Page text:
The TV version of Arthur Smith Sings Andy Williams

Fringe classics 2: The Doug Anthony AllStars [1992]

This post previously appeared on crashposition.com in Aug 2007.

I first saw the Doug Anthony AllStars in the Pleasance Cabaret Bar. If you’ve been paying attention you’ll know that that was also where The Pod played their late night gig. It’s not a big space; it probably seats between 100 and 150 people max. It’s size gives it an intimacy that you just don’t get with any other venue. Oh yeah, and it’s got it’s own bar.

DAAS1

The Doug Anthony AllStars were a highly explosive Australian three piece who sang songs and performed anarchic feats of audience participation. Often crude but incredibly intelligent, there was a palpable sense of danger about going to see them. At the end of the show we were herded out into the Pleasance courtyard where various members of the audience were encouraged to jump into a raging bonfire.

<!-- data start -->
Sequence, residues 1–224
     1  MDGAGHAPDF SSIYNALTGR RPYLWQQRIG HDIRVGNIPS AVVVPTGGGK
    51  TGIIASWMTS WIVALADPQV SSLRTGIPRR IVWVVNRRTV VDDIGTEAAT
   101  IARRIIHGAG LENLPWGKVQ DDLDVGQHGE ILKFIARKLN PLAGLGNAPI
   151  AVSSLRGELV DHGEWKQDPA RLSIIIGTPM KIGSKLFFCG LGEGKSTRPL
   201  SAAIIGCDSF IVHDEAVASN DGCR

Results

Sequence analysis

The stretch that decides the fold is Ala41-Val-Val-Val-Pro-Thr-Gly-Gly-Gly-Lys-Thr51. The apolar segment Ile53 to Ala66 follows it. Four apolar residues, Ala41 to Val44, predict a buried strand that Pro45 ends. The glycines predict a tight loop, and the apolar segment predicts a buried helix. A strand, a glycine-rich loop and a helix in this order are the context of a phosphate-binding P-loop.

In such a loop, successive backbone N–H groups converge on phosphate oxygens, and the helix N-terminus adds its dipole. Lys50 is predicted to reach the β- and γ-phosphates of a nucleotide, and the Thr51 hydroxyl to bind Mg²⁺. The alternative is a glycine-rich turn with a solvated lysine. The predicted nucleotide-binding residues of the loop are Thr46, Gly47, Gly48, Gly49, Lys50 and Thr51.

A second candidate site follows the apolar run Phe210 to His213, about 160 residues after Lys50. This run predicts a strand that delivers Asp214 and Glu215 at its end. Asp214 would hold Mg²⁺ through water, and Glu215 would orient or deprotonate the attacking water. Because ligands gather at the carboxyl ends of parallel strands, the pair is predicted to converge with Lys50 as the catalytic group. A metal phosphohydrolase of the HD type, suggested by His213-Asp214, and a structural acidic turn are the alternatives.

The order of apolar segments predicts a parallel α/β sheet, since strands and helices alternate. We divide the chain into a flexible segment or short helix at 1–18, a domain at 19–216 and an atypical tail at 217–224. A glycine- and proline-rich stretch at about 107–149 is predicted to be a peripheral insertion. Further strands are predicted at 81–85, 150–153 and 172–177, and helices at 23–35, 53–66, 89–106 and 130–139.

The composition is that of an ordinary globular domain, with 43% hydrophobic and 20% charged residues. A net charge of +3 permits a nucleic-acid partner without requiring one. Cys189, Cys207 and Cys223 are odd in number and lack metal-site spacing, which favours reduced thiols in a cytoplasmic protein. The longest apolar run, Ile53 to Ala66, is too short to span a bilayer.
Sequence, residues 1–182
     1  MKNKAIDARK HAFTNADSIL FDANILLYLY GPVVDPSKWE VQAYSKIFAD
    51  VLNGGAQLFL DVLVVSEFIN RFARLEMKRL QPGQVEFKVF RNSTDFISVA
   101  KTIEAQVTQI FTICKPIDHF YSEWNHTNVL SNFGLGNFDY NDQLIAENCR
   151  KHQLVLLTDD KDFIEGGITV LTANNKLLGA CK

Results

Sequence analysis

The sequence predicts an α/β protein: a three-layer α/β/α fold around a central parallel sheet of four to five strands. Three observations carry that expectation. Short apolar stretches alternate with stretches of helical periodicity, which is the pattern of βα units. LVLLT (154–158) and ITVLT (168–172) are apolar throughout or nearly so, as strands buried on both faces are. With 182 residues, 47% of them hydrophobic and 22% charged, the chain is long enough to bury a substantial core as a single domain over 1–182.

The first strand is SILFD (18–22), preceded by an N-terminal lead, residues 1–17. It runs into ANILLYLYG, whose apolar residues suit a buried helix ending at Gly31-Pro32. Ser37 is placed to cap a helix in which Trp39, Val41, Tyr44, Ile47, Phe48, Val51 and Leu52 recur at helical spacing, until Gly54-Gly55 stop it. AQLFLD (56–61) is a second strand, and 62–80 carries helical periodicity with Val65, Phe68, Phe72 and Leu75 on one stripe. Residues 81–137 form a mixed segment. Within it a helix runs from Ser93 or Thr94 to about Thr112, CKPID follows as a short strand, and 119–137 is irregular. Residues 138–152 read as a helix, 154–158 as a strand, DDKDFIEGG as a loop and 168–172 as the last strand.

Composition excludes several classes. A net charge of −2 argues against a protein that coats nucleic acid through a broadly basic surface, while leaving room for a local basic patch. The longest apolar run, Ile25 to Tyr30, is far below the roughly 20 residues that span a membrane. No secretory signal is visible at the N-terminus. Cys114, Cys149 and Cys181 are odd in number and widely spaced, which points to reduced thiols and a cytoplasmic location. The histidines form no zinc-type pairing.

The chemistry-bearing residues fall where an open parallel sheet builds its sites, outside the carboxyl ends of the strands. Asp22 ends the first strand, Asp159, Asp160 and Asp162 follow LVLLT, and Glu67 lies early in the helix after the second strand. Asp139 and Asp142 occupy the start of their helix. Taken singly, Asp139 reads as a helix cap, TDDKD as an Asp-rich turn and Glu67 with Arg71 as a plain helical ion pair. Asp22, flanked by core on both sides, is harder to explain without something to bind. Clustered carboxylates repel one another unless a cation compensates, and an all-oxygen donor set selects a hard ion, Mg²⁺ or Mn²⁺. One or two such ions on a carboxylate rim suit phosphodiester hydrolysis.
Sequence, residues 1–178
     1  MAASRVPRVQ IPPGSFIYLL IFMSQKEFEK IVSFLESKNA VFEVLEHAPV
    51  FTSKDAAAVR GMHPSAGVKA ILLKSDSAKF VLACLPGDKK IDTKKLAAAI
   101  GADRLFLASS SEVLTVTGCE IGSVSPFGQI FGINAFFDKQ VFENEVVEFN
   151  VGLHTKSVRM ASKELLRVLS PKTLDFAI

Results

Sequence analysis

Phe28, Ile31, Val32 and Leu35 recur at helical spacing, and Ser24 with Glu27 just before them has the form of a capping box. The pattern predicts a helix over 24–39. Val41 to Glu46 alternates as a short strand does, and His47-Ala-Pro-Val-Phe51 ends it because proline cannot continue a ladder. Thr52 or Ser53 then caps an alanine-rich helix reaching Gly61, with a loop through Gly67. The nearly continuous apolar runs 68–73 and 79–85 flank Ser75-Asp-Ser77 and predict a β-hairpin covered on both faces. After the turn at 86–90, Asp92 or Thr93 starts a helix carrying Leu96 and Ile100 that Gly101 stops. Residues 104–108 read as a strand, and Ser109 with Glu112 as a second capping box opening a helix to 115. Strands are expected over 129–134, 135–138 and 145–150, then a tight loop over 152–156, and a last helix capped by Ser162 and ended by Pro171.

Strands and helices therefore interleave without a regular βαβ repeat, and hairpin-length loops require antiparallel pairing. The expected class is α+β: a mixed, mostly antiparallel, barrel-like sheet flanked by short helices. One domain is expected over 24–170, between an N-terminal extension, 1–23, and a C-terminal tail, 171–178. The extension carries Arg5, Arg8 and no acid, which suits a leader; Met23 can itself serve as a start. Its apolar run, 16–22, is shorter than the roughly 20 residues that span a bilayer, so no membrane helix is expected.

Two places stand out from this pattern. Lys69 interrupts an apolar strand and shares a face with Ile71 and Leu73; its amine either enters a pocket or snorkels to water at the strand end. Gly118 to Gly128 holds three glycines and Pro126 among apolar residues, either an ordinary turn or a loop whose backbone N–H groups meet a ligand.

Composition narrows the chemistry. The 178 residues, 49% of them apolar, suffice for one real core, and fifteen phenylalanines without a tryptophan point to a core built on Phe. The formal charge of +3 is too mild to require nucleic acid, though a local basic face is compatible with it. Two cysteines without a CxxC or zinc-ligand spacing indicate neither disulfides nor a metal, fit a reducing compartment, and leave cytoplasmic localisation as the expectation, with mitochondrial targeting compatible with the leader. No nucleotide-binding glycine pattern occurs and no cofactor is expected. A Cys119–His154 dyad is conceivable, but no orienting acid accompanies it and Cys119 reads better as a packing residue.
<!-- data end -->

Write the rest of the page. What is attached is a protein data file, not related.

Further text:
The following year they filled one of the biggest halls on the Fringe (The Assembly Rooms) but experiencing this much energy in such a small venue was like having a nuclear bomb go off in your living room. Hilarious, terrifying and thoroughly exhilarating. Just to max out his stress levels my brother bootlegged the show. It’s a wonder he didn’t have a heart attack.

DAAS2

This was DAAS last year at the Fringe and they put on shows in two different venues. The first, ‘Blood & Guts’ was another small venue, part of Edinburgh University. There were two levels of seating: a ground and a balcony level that went all round the room. Naturally Paul picked on some audience members that were feeling safe up on the balcony and went for them. The end of the show involved the guys juggling cans of beer that eventually exploded over the audience. I have a great shot these can going off somewhere, which if I can find I’ll post it.